I got the numbers themselves from Jan Brett. As you can see by clicking on the link (no, she isn't paying me for this referral! I wish!), the numbers come in different sizes, and the larger ones are those I use for the floor. The smaller ones are push-pinned under the names of the children, which are posted all year in alphabetical order. (So the children learn alphabet awareness, also.) As you can also see, there are little pictures from Ms. Brett's books to correspond to the number displayed. So if a child does not yet recognize numbers, that child can practice counting the little hedgehogs on his or her very own number. An elegant example of integrated, differentiated curriculum! 

Putting the numbers on the floor is easier on tile. My assistant, Mary Kehoe, and I put them on tile by simply using clear contact paper over them (or, rather, Mary did this, and I cheered her on. I'm not handy with contact paper.). This was at another center. On our rug at Clarendon, we have used colored duct tape, carpet tape, masking tape, and other ideas. They aren't as stable on a carpet but that is what we have. Budget time for repairs!

Young children in a group tend to get a bit panicky about someone else getting their spot, chair, toy, etc. Wouldn't you? Giving them a spot of their own every day for lining or sitting (with Mary, we used the numbers for circle as well) provides some sense of security. They understand that, if numbers are rotated, they will always get a chance to be number one. 

Sunday, December 14, 2014

Badges? Badges? We don't need no stinkin' badges!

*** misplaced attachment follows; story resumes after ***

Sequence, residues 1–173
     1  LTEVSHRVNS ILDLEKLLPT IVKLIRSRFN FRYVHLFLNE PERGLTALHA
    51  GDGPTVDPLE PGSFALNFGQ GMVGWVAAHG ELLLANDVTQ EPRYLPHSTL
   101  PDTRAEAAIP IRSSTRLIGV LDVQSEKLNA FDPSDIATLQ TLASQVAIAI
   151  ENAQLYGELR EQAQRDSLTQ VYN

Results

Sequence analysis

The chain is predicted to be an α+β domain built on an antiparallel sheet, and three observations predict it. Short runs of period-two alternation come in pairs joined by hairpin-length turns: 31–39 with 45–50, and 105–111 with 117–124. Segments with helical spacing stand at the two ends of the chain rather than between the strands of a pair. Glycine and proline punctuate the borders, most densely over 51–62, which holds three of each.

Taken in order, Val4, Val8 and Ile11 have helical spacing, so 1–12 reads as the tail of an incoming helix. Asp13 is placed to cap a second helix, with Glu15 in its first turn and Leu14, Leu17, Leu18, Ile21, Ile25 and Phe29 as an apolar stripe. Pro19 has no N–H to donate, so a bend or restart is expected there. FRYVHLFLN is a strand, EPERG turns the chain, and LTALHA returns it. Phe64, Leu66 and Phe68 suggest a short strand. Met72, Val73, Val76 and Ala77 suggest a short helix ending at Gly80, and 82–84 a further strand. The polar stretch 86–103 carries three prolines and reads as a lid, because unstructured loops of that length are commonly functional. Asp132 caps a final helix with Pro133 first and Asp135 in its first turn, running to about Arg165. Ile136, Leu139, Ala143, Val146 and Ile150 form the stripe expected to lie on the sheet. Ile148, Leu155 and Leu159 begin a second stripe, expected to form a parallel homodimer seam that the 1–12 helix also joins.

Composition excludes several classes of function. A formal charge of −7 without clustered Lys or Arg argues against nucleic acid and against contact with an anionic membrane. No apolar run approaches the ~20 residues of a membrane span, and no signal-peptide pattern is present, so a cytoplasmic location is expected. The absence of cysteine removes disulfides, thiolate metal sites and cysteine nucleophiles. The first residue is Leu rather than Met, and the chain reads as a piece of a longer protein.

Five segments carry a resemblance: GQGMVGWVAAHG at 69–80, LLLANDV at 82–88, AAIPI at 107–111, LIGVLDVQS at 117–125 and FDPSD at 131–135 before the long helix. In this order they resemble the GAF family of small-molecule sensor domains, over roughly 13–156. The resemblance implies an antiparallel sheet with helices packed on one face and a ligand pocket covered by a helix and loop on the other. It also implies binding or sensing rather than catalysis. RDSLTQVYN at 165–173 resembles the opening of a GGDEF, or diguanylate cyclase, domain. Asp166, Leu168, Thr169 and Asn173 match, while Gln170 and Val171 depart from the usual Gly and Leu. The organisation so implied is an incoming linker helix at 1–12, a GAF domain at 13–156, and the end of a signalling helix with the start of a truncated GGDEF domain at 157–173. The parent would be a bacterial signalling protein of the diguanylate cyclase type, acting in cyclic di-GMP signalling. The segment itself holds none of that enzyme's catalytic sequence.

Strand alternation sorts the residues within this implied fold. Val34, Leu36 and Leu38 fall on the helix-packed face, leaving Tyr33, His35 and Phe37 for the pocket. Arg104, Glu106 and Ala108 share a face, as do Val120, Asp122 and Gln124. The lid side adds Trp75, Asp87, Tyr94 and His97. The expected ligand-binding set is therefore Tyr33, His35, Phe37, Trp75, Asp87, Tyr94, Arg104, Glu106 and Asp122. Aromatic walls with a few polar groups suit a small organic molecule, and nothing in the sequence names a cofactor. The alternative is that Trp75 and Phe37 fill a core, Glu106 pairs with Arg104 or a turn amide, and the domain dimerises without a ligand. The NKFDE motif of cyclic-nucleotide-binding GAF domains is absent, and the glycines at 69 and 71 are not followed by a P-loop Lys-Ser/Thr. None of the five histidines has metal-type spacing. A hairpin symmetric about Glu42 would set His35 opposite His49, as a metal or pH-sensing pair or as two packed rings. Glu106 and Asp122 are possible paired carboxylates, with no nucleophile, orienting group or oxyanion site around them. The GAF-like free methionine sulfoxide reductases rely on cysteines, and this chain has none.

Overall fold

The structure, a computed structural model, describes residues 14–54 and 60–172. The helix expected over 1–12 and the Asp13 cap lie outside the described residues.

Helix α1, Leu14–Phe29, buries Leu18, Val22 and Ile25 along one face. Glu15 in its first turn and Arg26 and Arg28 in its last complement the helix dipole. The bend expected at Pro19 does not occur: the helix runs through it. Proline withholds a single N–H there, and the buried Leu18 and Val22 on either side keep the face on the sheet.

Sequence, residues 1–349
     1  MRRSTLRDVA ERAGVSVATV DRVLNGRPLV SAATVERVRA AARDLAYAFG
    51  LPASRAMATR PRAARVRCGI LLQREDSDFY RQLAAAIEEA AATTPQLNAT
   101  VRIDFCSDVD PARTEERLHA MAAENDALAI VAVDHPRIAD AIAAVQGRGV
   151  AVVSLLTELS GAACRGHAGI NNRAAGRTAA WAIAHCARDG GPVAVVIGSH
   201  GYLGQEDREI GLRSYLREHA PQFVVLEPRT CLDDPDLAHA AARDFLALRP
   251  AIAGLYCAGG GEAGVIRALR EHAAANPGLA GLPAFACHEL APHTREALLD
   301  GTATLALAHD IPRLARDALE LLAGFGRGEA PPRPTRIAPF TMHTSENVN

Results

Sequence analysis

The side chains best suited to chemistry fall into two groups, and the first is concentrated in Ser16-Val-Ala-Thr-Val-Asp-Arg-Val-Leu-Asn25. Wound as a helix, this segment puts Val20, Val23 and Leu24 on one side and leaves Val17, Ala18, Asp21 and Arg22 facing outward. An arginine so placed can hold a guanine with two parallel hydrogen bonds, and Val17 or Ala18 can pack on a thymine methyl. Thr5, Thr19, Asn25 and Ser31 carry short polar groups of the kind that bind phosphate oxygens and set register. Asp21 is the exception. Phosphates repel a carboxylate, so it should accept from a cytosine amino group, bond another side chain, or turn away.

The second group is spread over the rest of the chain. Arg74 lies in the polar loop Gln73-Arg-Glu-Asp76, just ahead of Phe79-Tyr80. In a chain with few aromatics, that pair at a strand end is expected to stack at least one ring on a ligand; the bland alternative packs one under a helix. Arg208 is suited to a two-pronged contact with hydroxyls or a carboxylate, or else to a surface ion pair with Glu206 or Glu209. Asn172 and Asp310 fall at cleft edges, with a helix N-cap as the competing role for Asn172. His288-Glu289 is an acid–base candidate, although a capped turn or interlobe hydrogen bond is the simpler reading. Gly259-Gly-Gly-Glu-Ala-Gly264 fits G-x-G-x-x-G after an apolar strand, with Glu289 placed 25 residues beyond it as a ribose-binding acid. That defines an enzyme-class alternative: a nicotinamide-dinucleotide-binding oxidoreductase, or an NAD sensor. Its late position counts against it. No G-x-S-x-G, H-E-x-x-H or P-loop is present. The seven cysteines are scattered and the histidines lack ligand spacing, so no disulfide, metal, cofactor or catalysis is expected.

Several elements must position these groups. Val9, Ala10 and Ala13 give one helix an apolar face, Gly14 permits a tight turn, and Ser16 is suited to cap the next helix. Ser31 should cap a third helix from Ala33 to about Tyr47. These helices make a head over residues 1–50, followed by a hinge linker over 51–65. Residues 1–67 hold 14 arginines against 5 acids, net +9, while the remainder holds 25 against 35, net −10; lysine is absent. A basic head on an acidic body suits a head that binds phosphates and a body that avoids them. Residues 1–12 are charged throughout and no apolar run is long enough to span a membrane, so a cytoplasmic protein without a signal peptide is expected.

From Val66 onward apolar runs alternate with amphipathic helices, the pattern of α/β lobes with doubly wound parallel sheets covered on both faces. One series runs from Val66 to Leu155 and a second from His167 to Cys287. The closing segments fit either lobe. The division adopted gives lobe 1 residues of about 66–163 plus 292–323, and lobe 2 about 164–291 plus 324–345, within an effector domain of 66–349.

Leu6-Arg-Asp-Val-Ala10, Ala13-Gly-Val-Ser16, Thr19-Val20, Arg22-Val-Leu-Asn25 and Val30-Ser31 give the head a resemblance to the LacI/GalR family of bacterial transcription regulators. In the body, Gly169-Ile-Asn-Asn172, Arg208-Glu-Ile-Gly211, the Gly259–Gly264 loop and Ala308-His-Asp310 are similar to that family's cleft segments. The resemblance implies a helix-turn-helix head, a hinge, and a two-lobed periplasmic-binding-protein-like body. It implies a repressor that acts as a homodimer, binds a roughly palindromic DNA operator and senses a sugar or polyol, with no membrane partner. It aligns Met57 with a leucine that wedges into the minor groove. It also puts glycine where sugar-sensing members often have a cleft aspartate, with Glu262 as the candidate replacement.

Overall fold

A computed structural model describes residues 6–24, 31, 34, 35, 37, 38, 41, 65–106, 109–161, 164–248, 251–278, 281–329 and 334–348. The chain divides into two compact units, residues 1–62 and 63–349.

On the left is a picture of a powerful symbol. I am not talking about police in the news, here. I am talking about a symbol of power to a four year old boy.

In a preschool classroom there might be one or more boys obsessed with superheros, police, firefighters, and the like. These same boys, these days, are also obsessed with guns, firepower, and other armaments. Boys will make a gun out of anything. The hardcore badge-and-gun aficionado will make badges out of paper and stick them to themselves. They will be listening for any mention of law enforcement, or the use of it, in any conversation or story. Was Goldilocks arrested for breaking and entering? If you (teacher) died, would they call the police?

I want to report on the marvelous path we have taken in our classroom to derail the guns/badges obsession, at least for a while. We are producing a newspaper. One early morning (between 7 am and 9 am) my teaching partner set several children up with clipboards and pens. She asked them to be reporters, to question other children about what they were doing, and to write "stories" (enter pretend cursive scribbling, here). The children, both boys and girls, ran around "covering" stories. "What are you doing under the loft? Who is there with you?"Certain children wanted to know if reporters had badges. We talked about press passes. Close enough!

A school mom, who works for The Post, came to share about her job. This is how we include families in our emergent curricular process, and it is a powerful tool. Her visit energized the children for the process of creating a newspaper.